PUSD, Okolo sisters put forward anti-racism policies

PUSD%2C+Okolo+sisters+put+forward+anti-racism+policies

Katie Lew, Caitlynn Hauw, and Grace Tseng

Each day, Ekene (11) and Nene Okolo (‘19) work to educate their followers on Black history that is rarely taught within the school curriculum through their Instagram account @BlackinPUSD. The account shares encounters of racism experienced by people of color in Poway Unified School District (PUSD). In the span of two and a half months, the account has amassed more than 7,000 followers and generated more than 500 posts addressing racism in PUSD, gaining the attention of the PUSD board of education. 

“Our primary goals were to shed light on the racism that often goes unnoticed in our school district and hold those who commit racist actions accountable,” Ekene said.

According to Superintendent Dr. Marian Kim-Phelps, the account and the incidents shared in its posts are a great step forward for combating racism within PUSD schools.

“I’m proud of our students for having the courage to make their personal stories public so that it allows us to engage in difficult conversations and make the uncomfortable more comfortable,” Superintendent Kim-Phelps said. “If we don’t engage in difficult conversations, we can never learn and grow, to arrive at a place of greater understanding of our own biases, whether unconscious or intentional.”

The Okolo sisters have worked with the district to turn some of these anonymous claims into open investigations. 

According to Chief of Communications Christine Paik, the anonymity behind the posts makes it difficult for the administration to fully investigate every allegation. 

A Google form included on the account’s Linktree allows students to identify themselves and report their own experiences to the district. The administration is able to stay in direct contact with respondents using the information included in each form submission. While investigating these specific claims, the district plans to establish clearer disciplinary consequences and a required education component for racist actions. 

Certain members of the district administration have also partnered with the Okolo sisters to address issues of systemic racism within PUSD. Kim-Phelps, Associate Superintendent of Learning Support Services Carol Osborne, and Paik met June 29 with the Okolo sisters and Black parents from groups such as Small and Mighty and Concerned Parents Alliance to consider ways to better support students of color.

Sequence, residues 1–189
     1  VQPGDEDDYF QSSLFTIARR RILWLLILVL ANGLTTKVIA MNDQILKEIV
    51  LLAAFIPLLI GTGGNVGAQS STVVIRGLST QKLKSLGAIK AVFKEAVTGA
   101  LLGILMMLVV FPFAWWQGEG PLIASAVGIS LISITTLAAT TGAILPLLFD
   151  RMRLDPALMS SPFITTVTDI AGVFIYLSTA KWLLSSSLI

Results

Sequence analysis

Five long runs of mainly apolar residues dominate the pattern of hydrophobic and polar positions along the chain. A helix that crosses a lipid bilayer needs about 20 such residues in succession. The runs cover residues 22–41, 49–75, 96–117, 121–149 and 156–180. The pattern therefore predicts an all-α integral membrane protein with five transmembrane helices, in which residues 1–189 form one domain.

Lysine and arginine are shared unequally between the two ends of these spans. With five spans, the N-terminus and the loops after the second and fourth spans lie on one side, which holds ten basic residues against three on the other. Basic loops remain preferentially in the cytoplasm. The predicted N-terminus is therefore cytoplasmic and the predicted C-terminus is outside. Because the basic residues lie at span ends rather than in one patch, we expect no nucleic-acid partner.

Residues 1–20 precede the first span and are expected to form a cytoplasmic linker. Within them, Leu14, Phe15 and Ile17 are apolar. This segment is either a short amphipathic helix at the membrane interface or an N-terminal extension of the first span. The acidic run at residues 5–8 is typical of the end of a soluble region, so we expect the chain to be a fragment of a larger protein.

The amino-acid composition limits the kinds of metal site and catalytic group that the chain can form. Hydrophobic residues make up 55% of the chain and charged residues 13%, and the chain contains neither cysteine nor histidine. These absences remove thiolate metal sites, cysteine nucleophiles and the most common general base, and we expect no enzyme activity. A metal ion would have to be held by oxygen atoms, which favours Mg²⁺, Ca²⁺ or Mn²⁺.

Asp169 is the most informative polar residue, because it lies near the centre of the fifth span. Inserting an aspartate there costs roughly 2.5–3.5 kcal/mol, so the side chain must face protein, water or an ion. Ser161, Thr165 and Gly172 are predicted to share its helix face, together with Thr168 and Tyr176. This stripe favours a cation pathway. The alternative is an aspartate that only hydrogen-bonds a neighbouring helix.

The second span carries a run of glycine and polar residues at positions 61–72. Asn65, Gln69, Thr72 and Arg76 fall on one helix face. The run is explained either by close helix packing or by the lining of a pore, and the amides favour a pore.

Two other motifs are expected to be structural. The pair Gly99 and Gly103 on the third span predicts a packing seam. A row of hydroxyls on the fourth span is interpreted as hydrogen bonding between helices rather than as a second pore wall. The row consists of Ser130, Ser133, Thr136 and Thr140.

During this meeting, Ekene and Nene suggested more in-depth studies of racism implemented in schools’ curriculums, anti-racism education that starts at the elementary level, and the hiring of more staff of color within the district. 

PUSD has created plans that align with suggestions from the Okolo sisters.

The district has short-term goals, such as greater public support for students of color on their social media, as well as increased education through anti-racism assemblies. Additionally, as long term goals they hope to employ more role models and teachers of color, implement disciplinary changes, and add ethnic studies courses to the school curriculum. The district is creating an equity improvement plan to implement these changes.

As the new policy is being created, Nene and Ekene say that they are looking forward to seeing more changes being implemented in our school systems.

“We’re ecstatic about the district’s policy and improvement plan,” Ekene said. “It’s nice to know that the district is finally looking out for its students and is striving to create tolerant learning environments for people of color.”In addition to working on a new policy with the district, Nene and Ekene have also created a website that teaches members of our community called Ethnucation. The website includes interactive questions, videos, lesson plans for teachers, and sources about various racial and ethnic groups.

“Our goal in making this website was to make the often forgotten history of people of color easily accessible for people to learn about and encourage people to educate themselves on history beyond the Eurocentric lens,” Ekene said.

As new resources educating people about racial inequality in our history are becoming more available, people in PUSD have become more aware of the situation around them.

District officials have already begun making efforts to achieve one of these outlined goals. A post on Black in PUSD’s account urges Black or Brown teachers outside the district to apply for positions within Poway Unified with an added section in their profile.

“We know this problem didn’t develop overnight, and we won’t fix it overnight,” Paik said. “But PUSD leadership is committed to making a change for the better, alongside our student and parent partners.”